But, let’s face it. “Plan A” sometimes doesn’t get put into action.
Maybe the condom broke, or fell off.
Maybe the heat of the moment overwhelmed you, and a slip in judgment drove you to have unprotected sex.
Or (heaven forbid) maybe it wasn’t your choice to have unprotected sex.
Whatever the reason, you need to know that you have options. In fact, you have quite a few. Now, none of these options will protect you from sexually transmitted infections, but they can certainly prevent an unwanted pregnancy.
If I take more than one pill, will it help? In a word: no. Doctors and researchers have determined the amount of chemical you need for it to work. Any more is just extra that your body shrugs off.
Solution One: When “Plan A” Fails, go to Plan B
This is actually a brand name of what’s called a ‘progestin-only’ pill. It has a few different names and delivery methods.
- Plan B
- Plan B One-Step
- Next Choice
- Next Choice One Dose
- and Levonorgestrel Tablets
Plan B and Next Choice are essentially the same thing: Levonorgestrel Tablets that deliver the hormone progestin to help prevent an unwanted pregnancy.
The One-Step and One Dose options are pills that you just have to take the one time. The others are often two pills that you take 12 hours apart. Talk to your doctor to make sure you take either pill dosage correctly.
The statistics for prevented pregnancies are 88%. And if taken within the first 24 hours, that number climbs to 95%.
These numbers just mean a reduction in pregnancies. Let’s say out of a sample of women, 8 of those women would normally get pregnant without an emergency contraceptive. Options like Plan B or Next Choice claim that 7 out of those 8 pregnancies could be prevented with their product.
As for side effects, Plan B and Next Choice are said to have milder side effects than our Solution Three.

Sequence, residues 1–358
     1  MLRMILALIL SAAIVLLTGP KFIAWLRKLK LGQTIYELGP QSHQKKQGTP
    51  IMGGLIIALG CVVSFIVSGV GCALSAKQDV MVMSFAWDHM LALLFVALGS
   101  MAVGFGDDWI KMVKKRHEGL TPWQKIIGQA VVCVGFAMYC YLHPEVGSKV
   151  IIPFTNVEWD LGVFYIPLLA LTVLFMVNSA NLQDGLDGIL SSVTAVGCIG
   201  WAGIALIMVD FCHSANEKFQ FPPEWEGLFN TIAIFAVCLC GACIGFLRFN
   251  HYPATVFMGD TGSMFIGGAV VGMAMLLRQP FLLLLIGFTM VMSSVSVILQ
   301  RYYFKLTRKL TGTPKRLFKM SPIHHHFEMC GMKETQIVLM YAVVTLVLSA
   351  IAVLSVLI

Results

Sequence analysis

Solution Two: Ella
This pill functions a little differently because it’s a completely different chemical: ulipristal acetate.
While Plan B decreases in effectiveness the longer you wait after you have sex, Ella does not. Up to 120 hours after unprotected sex, you can take Ella to reduce your chances of getting pregnant.
Ella is just one pill. Women report that the side effects are even less severe than Plan B or Next Choice.
Solution Three: Combined Emergency Contraceptive Pills
These were one of the first pill options, called the “Morning After Pill.”
You can take these kinds of pills up to 120 hours after you have unprotected sex, but effectiveness decreases as time goes on.
Unfortunately, this kind of emergency contraception comes with the sharpest of side effects in our four options here. Women report experiencing nausea, and one in five women are said to vomit.
If you throw up within an hour of taking this pill, you may need to take it again to ensure effectiveness. Talk to your doctor. You may want to invest in anti-nausea medication if you choose to use this kind of emergency contraception.
Solution Four: Get a Copper-T IUD
This option is one of the most effective (more than 99%), but it’s also the most complicated.
Up to 5 days after you have unprotected sex, you can get a doctor (or anyone else trained to do so) to insert a copper-T Intrauterine Device.
This small implant inside your uterus helps prevent pregnancy by helping prevent sperm from living to find the egg and also bothering the uterine lining, making it so that eggs can’t find a good place to attach and wait for sperm.
Side effects may include cramping or more bleeding from the implant itself during your period.
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